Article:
In line with the GCR, UNHCR is committed to work with RCs and UNCTs to advance national development priorities and ensure no one is left behind. This collaborative work includes encouraging development actors to intervene on behalf of refugees and in support of host communities, as well as to work with States to include refugees in national development plans, as part of the Agenda 2030 imperative to ‘leave no one behind'.

Humanitarian Coordinator system
In complex emergencies, the Humanitarian Coordinator (HC), if one has been appointed, leads overall humanitarian planning, advocacy and resource mobilization. When a complex emergency occurs that has a refugee dimension, UNHCR leads the refugee response, working with the overall humanitarian response to make sure it is coherent. The arrangements are set out in UNHCR's and OCHA's Joint Note on mixed situations: coordination in practice (2014). They were reconfirmed by the Emergency Relief Coordinator (ERC) and the High Commissioner in 2018. The Note describes in detail the division of responsibilities between the UNHCR Representative and the HC in such situations.

The High Commissioner remains accountable for protection of persons of concern; the Joint Note is about increasing operational efficiency by flexible and pragmatic organization, not about transferring accountability or responsibility. The High Commissioner's protection responsibilities, combined with his advocacy and supervisory functions, mean that he must continue to oversee and monitor the delivery of services to refugees during UN responses. UNHCR's refugee response is an integral yet distinct element in the overall humanitarian coordination architecture. By developing visions that are integrated and strategic alongside distinct but interoperable plans and funding tools, UNHCR and the larger humanitarian response can remain accountable and fulfil their responsibilities coherently and transparently.

The RCM is applicable in all refugee situations and throughout a refugee response, whether the emergency is new or protracted, and whether refugees are living in camps, rural areas, urban settings or in mixed situations. According to the operational context and the size and length of the response, certain features of the RCM may be less or more significant.



Policy, strategy and/or guidance


Refugee influxes can often be anticipated. Large movements may build over time and can be predicted as the conflict that drives them intensifies.

UNHCR's emergency policies require operations to prepare annual risk analyses and complete minimum preparedness actions. This work is done with government and partner counterparts to: assess the likelihood of refugee inflows; determine the impact that refugee flows are likely to have on national response mechanisms; and, depending on the level of risk, make ready.

When refugee influxes are anticipated, UNHCR coordinates refugee preparedness actions. Where relevant, it does so as part of broader UNCT or Humanitarian Country Team (HCT) preparedness processes. Wherever possible, UNHCR works jointly with Government. Preparedness actions include mapping of partner capacities.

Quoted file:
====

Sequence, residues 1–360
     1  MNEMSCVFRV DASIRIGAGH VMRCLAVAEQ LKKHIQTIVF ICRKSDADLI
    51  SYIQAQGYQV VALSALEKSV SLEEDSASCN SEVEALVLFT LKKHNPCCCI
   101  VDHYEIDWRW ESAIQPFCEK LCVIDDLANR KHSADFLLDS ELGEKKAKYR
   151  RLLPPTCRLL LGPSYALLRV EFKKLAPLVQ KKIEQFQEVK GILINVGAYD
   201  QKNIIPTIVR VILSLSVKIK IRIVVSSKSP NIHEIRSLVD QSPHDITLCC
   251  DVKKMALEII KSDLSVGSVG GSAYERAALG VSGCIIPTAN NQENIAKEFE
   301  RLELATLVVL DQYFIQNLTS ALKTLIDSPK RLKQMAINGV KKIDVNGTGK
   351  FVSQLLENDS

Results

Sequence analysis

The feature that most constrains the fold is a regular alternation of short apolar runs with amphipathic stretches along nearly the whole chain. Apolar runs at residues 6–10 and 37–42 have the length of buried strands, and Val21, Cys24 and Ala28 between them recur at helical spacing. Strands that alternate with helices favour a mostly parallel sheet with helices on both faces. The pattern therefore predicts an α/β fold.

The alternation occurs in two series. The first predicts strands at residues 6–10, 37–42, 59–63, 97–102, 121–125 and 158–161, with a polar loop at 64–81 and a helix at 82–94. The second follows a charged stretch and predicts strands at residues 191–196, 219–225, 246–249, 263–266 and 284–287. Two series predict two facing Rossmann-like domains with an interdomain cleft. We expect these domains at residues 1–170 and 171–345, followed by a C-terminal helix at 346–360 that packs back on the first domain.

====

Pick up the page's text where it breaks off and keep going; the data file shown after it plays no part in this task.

The growing engagement of multilateral development actors, including the World Bank Group, mean that preparedness efforts can be supported more actively by national institutions, whose capacity goes well beyond what UNHCR can do on its own. By engaging early on with development and financial institutions, UNHCR can provide information and guidance that will help them to: strengthen the institutions that will manage any refugee influx; prepare instruments to facilitate flows of financial support; devise social protection systems able to support affected host communities and refugees; and establish surge capacity for service delivery.


At the outset of a refugee emergency, UNHCR's knowledge and operational capacity assists Governments to design and roll out quickly a response that has the capacity to be sustainable and encourages contributions from a wide array of stakeholders. Importantly, Governments expect UNHCR to act immediately to raise financial and in-kind resources to meet urgent and pressing needs.

Operations are expected to reinforce or establish coordination arrangements, as prescribed in the RCM, ensuring a smooth interface with other interagency mechanisms.

Building for resilience

Not all refugee situations start with an emergency influx, but all emergency responses need to become consolidate programmatically and become a more stable form of operation.

National ownership is crucial. Wherever possible, UNHCR will work to establish and support national arrangements for coordinating a comprehensive refugee response. As envisaged by the GCR, UNHCR may support the development of a comprehensive plan, in line with national policies and priorities. Comprehensive plans set out: policy priorities; institutional and operational arrangements; requirements for support from the international community, including investment, financing, and material and technical assistance; and solutions, including resettlement and complementary pathways for admission to third countries, as well as voluntary repatriation.

The GCR also makes clear that refugee responses should be designed (or adapted) to be able to evolve into more sustainable forms of support and response. One objective of the GCR is therefore to strengthen the resilience both of refugees and the communities that host them, especially when displacement is protracted. The GCR's Programme of Action sets out various arrangements for supporting refugees and hosting countries and identifies areas in which immediately or long term support is likely to be needed. Longer term action is likely to be required to: strengthen the capacity of facilities and systems that deliver asylum, education, health and child protection services; enhance accommodation, energy supply, and natural resource management; increase livelihoods and grow the economy; and empower women and youth.